Executive Member for Regeneration and Economic Development Minutes

Executive Member for Regeneration and Economic Development Minutes

Date:
Thursday 18 April 2013
Time:
11:00 a.m.
Place:
Oberhausen Room,Town Hall, Middlesbrough
 

Attendance Details

Present:
Councillor C M Rooney, Councillor J Rostron(Present by invitation)
Officers:
Sally Childes, Kathryn Whitwell and Tracy Warburton
Item Number Item/Resolution
PUBLIC
13/13 DESIGNATION OF ALBERT PARK AND LINTHORPE ROAD CONSERVATION AREA

The Executive Director of Neighbourhoods and Communities submitted a report that sought approval for the designation of Albert Park and Linthorpe Road Conservation Area following the consideration of the outcomes of public consultation.

 

Conservation areas were designated for their special architectural and historic interest. The majority of Middlesbrough’s conservation areas were designated in the 1970s, the only recent addition being Marton and The Grove designated in 2008. Continuing this commitment to the conservation of the historic environment, an eighth Conservation Area was proposed for designation, centred on Albert Park, and including part of Linthorpe Road, approximately 1.5km south of the Town Centre. The proposed boundary for the new Conservation Area was shown in Appendix 2 of the report and was to be named 'Albert Park and Linthorpe Road Conservation Area'.

 

The area in and around Albert Park had particular significance in the town. The Park itself was built on land donated to the town by Middlesbrough’s first Mayor and ironmaster Henry Bolckow, and had recently been restored with funding from the Heritage Lottery Fund. The area had distinctive character, and some of the key attributes were:


a. Albert Park itself;
b. The Dorman Museum;
c. The Cenotaph;
d. Churches;
e. Ayresome Gardens; and;
f. Victorian shop units on Linthorpe Road.

 

If an Article 4 Direction was introduced it would increase the Council’s capacity to conserve and enhance the character of the Conservation Area. An Article 4 Direction removed certain permitted development rights, for example the right to demolish a garden wall or replace a front garden with a hard surface without planning permission. An Article 4 Direction would mean that planning permission would be required for certain work, which would previously be permitted, giving the Council an opportunity to conserve the character and appearance of a conservation area. A planning application under an Article 4 Direction was exempt from fees for applicants. Further information on the proposed Article 4 Direction was provided in paragraph 16 of the report.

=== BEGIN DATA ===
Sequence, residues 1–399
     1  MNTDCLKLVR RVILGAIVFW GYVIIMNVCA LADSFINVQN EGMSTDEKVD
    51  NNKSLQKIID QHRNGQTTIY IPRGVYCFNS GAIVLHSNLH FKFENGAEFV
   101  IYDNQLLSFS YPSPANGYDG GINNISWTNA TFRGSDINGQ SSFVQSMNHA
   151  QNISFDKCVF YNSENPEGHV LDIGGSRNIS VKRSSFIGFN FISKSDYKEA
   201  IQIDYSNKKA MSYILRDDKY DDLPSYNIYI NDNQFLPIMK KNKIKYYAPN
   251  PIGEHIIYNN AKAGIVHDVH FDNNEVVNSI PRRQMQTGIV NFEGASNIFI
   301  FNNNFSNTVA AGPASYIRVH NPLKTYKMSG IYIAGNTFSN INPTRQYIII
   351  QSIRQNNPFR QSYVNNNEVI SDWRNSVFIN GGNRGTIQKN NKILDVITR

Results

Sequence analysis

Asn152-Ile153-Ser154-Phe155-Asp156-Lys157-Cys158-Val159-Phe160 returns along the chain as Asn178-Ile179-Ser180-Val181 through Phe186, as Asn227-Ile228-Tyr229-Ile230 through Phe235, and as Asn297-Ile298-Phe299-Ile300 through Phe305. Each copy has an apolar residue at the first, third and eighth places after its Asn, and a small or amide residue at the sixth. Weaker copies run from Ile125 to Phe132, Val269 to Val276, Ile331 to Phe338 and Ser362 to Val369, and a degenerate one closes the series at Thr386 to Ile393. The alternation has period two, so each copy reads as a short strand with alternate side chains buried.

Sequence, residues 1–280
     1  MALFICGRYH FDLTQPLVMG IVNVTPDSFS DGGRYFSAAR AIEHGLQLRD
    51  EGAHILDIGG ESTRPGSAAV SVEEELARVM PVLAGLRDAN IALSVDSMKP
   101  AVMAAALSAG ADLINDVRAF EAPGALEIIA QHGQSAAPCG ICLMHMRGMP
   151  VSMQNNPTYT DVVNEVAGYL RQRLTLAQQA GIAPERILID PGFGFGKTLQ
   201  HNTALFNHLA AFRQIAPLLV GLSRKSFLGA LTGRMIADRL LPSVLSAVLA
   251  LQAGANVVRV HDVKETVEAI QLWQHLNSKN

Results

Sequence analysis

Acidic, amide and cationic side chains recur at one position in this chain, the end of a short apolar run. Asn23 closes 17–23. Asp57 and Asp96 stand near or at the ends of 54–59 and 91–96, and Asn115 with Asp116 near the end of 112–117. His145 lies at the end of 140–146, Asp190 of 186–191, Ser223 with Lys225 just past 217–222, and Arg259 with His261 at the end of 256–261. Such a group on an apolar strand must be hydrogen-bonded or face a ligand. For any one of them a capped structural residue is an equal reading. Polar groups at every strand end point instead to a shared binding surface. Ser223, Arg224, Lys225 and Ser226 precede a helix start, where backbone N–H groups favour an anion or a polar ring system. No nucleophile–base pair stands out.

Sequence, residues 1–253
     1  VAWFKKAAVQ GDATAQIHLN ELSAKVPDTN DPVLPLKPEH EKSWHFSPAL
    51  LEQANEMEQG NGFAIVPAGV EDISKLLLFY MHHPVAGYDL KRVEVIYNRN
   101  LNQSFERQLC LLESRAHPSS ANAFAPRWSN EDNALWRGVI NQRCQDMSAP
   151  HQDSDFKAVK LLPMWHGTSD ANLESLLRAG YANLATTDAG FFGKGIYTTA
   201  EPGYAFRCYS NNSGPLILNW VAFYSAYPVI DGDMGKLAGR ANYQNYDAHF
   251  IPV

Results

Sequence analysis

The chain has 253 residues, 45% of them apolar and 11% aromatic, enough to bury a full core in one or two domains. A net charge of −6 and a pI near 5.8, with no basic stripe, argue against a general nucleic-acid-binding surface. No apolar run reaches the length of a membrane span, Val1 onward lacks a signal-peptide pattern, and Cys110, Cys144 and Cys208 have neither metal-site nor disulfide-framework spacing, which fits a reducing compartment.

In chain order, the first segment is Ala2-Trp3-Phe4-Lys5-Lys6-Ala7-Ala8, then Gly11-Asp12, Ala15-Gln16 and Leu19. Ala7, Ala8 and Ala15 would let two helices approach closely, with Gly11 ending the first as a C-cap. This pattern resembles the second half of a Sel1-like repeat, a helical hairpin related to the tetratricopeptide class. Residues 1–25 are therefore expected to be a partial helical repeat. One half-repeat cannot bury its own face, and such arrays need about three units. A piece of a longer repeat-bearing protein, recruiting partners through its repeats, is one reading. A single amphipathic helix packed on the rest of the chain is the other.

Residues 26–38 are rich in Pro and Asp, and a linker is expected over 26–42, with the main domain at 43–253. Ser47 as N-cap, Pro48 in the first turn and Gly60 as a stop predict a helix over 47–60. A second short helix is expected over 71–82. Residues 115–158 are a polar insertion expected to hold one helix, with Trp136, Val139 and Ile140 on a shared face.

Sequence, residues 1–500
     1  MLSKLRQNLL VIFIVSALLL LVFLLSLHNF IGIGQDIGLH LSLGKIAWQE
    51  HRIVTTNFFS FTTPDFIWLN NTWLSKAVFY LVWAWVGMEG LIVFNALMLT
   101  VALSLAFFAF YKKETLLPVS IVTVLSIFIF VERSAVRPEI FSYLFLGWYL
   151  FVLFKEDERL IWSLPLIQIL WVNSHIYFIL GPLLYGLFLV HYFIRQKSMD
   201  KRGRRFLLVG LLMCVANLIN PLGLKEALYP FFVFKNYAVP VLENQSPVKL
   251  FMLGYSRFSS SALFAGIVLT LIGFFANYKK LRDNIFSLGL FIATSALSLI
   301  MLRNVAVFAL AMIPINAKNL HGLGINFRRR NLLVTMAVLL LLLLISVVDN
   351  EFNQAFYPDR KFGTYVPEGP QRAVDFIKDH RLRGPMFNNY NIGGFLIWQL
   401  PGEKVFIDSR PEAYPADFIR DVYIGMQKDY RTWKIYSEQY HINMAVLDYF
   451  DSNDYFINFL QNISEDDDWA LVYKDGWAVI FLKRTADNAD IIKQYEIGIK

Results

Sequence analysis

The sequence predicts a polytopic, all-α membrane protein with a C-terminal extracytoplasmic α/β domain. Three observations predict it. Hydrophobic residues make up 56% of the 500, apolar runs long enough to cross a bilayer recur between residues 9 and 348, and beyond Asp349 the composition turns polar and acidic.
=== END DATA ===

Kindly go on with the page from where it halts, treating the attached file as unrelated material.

The report outlined in detail further information on:

  • Public Consultation;
  • Implications;
  • Article 4 Directions; and
  • Conservation Area Character and Historic Interest.

The next steps following approval would be the following necessary actions:

 

a. residents and consultation respondents to be informed of the outcome;
b. the final Conservation Area Appraisal and Management Plan would be published online and copies made available within the Members’ Resource Room, Central Library, and the Dorman Museum;
c. the Statutory consultees would be informed, including English Heritage and the Secretary of State;
d. an advertisement would be placed in the London Gazette and the Evening Gazette, and the boundary and Article 4 Direction would be listed as a Land Charge; and,
e. The Article 4 Direction would be introduced.
 

The report outlined that there were three options available, with Option C being the preferred option:

  1. Option A - decide not to designate a new Conservation Area. This may put heritage at risk, through the further erosion of the character of the area, eventually resulting in the loss of the architectural and historic interest of this important part of Middlesbrough. The opportunity to conserve and enhance the character and appearance of this part of the town would be lost.
  2. Option B - agree to designate a new Conservation Area, but not to introduce an Article 4 Direction in respect of that new Conservation Area. This would reduce the potential for the Council to conserve the character and appearance of the area. Designation itself would not protect an area from incremental change which could erode its character, where residents exercise their permitted development rights.
  3. Option C - agree to designate a new Conservation Area and to introduce an Article 4 Direction in respect of that new Conservation Area in the future. There would be an increased workload associated with an Article 4 Direction, but it was anticipated that this would have minimal impact due to the small number of buildings in the area compared to some other conservation areas.

ORDERED

 

That the Executive Member approved:

  1. the Albert Park and Linthorpe Road Conservation Area boundary, and the supporting Albert Park and Linthorpe Road Conservation Area Appraisal and Management Plan thus designating the Conservation Area; and,
  2. the introduction of an Article 4 Direction to remove some permitted development rights in the Conservation Area once designated.

REASONS

 

The decision was supported by the following reason:

 

The local authority is responsible for designating areas which are valued for their special architectural or historic interest, the character of which it is desirable to preserve or enhance, through the designation of conservation areas under the Planning (Listed Buildings and Conservation Areas) Act 1990. Albert Park and its setting is a historically important part of the town, which has a distinctive character worth conserving. The public consultation has demonstrated strong support for the designation of the Conservation Area.

The decision(s) will come into force after five working days following the day the decision(s) were published unless the decision becomes subject to the call in procedures.
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